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St. Croix County partnered with the Survey Research Center at the University of Wisconsin- River Falls to issue a resident survey as part of ongoing strategic planning. Resident input was sought about the importance of and future spending for County functions. A full copy of the survey report is available from the Home page of the County’s website, http://www.co.saint-croix.wi.us/
A random sample of 1,057 St. Croix County residents received surveys. 388 completed surveys were returned, achieving a 34% response rate. Based on the estimated number of adults in the population of the County (61,462), the results provided in this report are expected to be accurate to within plus or minus 5% with 95% confidence.
Survey respondent demographics included; 64% men, 76% age 45 or older, 67% currently employed or self-employed, 95% homeowners, 46% had annual household income of $75,000 or more. Top five ZIP codes were Hudson (39%), New Richmond (18%), River Falls (9%), Somerset (7%) and Roberts (5%).
The survey presented County programs and functions divided into five categories; health and human services, community development, public safety & criminal justice, transportation, and economic development and financial health of the County. Respondents were first asked to rate the current importance of the each listed program using a scale of very important, somewhat important, not important, or don’t know. Then respondents were asked to indicate their preferences with respect to the level of spending by the year 2018, choosing: increase, not change, shrink, or don’t know.
Protection of abused and neglected children stood out at the top in both importance and future spending. Timely response to emergencies and county highway maintenance were in a statistical tie for second place in both importance and spending.
Law enforcement ranked fourth in importance, but respondents gave it a slightly lower rank for future spending. Rounding out remaining programs/services in the top ten were the following: recruit more manufacturing businesses, conservation of natural resources, conservation of groundwater/drinking water, veteran services, highway and bridge construction, and nutritional services for elderly and disabled persons.
At the other end of the importance scale, respondents gave the overall lowest importance and funding ratings to programs that address healthy lifestyles. Other programs/services with lower ratings in both importance and funding included criminal rehabilitation, additional highway width for pedestrian and bicycle lanes and public transportation.
Respondents are reluctant to increase spending levels. Of the programs listed, there was only one for which a majority of respondents favored increased funding (protection of abused and neglected children). Across all programs, 48% of respondents said spending should remain the same, 28% preferred an increase and 16% wanted a reduction.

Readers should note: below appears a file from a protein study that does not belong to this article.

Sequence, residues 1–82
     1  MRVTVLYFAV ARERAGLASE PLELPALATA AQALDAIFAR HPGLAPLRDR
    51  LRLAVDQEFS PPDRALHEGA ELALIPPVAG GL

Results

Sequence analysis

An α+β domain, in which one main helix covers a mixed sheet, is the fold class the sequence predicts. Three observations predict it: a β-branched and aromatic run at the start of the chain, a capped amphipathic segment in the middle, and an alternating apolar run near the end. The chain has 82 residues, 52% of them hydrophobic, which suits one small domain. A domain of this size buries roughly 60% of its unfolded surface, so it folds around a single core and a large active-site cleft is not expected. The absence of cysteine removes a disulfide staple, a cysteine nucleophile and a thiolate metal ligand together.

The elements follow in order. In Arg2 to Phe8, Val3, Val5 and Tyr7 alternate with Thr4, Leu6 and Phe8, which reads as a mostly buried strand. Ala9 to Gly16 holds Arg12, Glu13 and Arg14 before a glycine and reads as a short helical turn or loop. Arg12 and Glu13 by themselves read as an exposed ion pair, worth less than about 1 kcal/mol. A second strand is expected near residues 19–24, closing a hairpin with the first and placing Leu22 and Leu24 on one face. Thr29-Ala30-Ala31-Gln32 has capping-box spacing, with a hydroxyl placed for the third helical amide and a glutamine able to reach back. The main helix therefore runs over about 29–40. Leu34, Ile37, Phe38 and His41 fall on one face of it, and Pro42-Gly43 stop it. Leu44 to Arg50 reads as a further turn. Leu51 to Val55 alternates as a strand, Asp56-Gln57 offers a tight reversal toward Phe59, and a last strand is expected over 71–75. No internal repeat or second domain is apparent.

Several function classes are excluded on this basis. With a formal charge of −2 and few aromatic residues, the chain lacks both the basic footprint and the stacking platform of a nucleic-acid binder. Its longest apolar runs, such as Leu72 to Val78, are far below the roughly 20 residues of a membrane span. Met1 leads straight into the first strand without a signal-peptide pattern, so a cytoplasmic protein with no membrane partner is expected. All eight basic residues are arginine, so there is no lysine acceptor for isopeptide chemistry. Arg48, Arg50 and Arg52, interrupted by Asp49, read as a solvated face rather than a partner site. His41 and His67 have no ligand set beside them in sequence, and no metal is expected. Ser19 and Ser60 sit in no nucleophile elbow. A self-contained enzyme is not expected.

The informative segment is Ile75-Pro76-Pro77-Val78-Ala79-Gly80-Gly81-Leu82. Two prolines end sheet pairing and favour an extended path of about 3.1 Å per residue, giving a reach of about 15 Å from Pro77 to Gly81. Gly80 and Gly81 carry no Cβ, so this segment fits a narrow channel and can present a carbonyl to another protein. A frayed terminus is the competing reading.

Respondents were also given the opportunity to provide written comments. 147 comments were provided. The budget/taxes category contained 33% of the comments. The following quotes are representative of the topic:
“Government on all levels needs to be more efficient and accountable. Attempt to do more with less. Public sector compensation needs to be more aligned with the private sector compensation.”
“Do not increase spending or budgets, reduce size of government.”
The second most common topic among the written comments comprised 9% of the total and was about government assistance programs:
“Less government involvement so as to hold individuals accountable for their own lives and actions.”
Results of the survey were presented to the County Board on September 3, 2013 by Jim Janke of the Survey Research Center. County Administrator, Patrick Thompson followed Janke’s presentation with an update on the County’s strategic plan, introducing four Strategic Initiatives developed to encompass resident feedback and focus department and employee (Pay for Performance) goal setting. The four new strategic initiatives include: Continuous Improvement (CI) – Improve service delivery and the responsible use of tax dollars by making County Government more efficient & affordable through streamlined processes and elimination of waste; Growth Management (GM) – Proactively plan for the impact of continued growth on the County’s resources and its service delivery to the public; Safety & Health (SH) – Improve and protect the safety, health and welfare of the County’s citizens and its natural resources; and Outreach (O) – Enhance public awareness of County services and how they are funded, Engage employees and maintain a high performing workforce.
The County updates the strategic plan annually. The County plans to issue a resident survey about every five years. The survey cost a total of $5543.
A full copy of the survey report is available from the Home page of the County’s website, http://www.co.saint-croix.wi.us/